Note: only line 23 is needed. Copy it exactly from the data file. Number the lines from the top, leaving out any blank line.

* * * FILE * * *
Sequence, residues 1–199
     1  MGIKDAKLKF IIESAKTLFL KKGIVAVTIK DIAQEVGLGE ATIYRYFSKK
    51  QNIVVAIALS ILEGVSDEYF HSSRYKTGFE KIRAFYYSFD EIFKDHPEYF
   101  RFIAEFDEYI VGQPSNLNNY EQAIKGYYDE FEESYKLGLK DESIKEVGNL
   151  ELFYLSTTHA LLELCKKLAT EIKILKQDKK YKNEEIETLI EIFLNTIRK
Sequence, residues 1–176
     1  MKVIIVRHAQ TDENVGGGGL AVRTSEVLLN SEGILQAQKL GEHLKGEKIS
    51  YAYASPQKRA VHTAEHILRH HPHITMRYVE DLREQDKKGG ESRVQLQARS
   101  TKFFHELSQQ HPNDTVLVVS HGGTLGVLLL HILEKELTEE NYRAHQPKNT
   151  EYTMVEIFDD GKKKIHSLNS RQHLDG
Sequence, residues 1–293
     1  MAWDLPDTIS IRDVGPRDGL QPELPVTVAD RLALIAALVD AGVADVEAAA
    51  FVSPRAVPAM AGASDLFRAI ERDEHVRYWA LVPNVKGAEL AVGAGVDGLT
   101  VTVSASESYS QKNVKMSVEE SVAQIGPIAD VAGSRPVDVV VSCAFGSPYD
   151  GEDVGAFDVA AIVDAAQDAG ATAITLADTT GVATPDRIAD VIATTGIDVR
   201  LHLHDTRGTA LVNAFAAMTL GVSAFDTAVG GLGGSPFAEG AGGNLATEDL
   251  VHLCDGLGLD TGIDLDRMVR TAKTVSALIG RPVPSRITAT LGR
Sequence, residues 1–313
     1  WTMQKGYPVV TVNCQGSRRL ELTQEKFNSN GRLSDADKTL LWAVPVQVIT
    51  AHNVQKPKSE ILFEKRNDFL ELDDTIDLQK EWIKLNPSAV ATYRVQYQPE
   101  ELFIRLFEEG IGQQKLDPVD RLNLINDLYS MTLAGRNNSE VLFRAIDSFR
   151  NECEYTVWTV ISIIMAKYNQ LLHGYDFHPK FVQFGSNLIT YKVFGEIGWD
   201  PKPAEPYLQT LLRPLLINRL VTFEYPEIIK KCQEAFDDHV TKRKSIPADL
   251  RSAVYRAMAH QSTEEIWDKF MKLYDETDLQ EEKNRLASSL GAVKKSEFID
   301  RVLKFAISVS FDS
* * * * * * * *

   201  PKPAEPYLQT LLRPLLINRL VTFEYPEIIK KCQEAFDDHV TKRKSIPADL